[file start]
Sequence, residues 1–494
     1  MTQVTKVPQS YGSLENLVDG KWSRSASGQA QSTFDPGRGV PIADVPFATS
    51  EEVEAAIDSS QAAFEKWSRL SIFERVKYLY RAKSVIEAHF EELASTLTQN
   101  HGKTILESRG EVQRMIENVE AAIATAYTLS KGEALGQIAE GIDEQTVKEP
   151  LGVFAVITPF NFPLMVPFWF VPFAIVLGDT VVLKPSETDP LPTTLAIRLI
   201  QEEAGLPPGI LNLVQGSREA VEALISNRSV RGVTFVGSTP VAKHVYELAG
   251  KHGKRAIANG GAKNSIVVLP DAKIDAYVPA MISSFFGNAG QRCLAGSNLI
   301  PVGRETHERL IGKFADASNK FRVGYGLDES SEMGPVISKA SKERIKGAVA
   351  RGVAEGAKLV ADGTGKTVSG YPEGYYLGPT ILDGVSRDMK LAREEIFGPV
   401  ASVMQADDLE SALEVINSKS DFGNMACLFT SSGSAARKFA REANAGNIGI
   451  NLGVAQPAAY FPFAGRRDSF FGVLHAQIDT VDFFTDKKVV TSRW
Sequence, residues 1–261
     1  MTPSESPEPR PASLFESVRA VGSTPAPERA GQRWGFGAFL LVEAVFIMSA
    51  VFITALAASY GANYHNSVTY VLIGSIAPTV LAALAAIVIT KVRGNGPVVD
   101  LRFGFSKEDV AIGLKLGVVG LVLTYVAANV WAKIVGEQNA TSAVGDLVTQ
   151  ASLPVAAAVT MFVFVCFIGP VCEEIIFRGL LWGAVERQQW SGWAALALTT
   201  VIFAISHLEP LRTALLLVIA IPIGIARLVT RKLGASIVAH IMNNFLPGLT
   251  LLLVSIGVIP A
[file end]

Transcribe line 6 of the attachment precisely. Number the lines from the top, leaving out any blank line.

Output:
   201  QEEAGLPPGI LNLVQGSREA VEALISNRSV RGVTFVGSTP VAKHVYELAG